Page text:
Ellen G. White Writings

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Spiritual Gifts, vol. 4a, Page 119

dead. Their consciences are seared as with a hot iron. When the Son of God came into the world to die, man's sacrifice, he laid aside his glory and exalted stature. His height was but a little above the general size of men. His personal appearance bore no special marks of his divine character, which would of itself inspire faith. Yet his perfect form, and dignified bearing, his countenance expressing benevolence, love and holiness, were unequaled by any then living upon the earth.

When the Life-giver rose from the dead a triumphant conqueror, and made himself known unto his disciples, he was of the same size as before his crucifixion. There were no special marks which would at once cause the men of Emmaus to know that he was the Son of God. They did not know him until he told them who he was.

But when he ascended up on high, and led a multitude of captives, escorted by the heavenly host, and was received in through the gates of the city, with angelic songs of triumph and rejoicing, I beheld with admiration and wonder, that he possessed the same exalted stature that he had before he came into the world to die for man. Said the angel, God, who wrought so great a miracle as to make Christ flesh to dwell among men, and will with his almighty power lift up fallen, degenerate, and dwarfed man, and after they are redeemed from the earth, make them “grow up as calves of the stall,” could in his infinite power return to his dear Son his own exalted stature, which was his before he left Heaven, and humbled himself as a man, and submitted to the death of the cross.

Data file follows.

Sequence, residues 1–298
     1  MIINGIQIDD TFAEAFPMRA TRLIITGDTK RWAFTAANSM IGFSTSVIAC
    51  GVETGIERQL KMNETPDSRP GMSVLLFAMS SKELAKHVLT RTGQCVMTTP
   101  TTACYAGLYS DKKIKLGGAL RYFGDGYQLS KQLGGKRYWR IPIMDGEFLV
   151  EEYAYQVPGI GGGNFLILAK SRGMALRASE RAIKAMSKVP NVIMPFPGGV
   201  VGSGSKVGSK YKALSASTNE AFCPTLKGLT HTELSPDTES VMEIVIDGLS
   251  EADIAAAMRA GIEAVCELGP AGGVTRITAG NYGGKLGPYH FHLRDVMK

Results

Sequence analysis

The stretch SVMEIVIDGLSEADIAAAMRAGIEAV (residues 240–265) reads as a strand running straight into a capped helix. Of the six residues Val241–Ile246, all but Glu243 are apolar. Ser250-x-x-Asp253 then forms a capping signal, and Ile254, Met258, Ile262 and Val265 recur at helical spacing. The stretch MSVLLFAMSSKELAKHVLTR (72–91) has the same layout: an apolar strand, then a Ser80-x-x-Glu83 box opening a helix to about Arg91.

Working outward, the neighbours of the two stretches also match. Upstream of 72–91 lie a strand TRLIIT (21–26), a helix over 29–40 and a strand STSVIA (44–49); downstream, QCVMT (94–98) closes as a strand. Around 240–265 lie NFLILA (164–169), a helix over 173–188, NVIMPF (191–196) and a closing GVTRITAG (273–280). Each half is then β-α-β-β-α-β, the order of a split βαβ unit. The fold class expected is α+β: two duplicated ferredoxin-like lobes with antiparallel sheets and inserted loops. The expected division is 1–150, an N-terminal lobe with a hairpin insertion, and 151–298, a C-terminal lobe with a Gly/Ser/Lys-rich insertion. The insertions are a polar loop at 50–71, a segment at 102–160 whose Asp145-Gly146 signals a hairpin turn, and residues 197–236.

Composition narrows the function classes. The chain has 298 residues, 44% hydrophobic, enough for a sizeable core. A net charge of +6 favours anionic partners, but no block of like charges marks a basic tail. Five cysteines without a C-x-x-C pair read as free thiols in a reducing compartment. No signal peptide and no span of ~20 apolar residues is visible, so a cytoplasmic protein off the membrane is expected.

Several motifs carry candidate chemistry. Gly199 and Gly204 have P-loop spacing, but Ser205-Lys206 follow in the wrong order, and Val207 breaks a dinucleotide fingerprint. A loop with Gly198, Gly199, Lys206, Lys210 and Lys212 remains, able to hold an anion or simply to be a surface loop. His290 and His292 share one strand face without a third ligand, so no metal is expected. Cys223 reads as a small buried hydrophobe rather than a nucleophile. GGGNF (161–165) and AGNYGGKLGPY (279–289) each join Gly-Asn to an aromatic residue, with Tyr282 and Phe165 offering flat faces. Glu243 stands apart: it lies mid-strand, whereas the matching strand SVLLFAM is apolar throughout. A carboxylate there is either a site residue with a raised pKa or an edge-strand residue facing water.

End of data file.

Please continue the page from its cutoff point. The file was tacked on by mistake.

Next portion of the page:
It is no marvel with the angelic host that their loved Commander, after he had carried out the plan of salvation, and ascended up to Heaven, should take his own exalted stature, and be clothed with majesty and glory, which was his before he left Heaven. But it was a marvel with all heaven, that the Father suffered the Son of his bosom to lay aside his glory, and come down to earth, and submit to humiliation, and the agonizing death of the cross to save fallen man.

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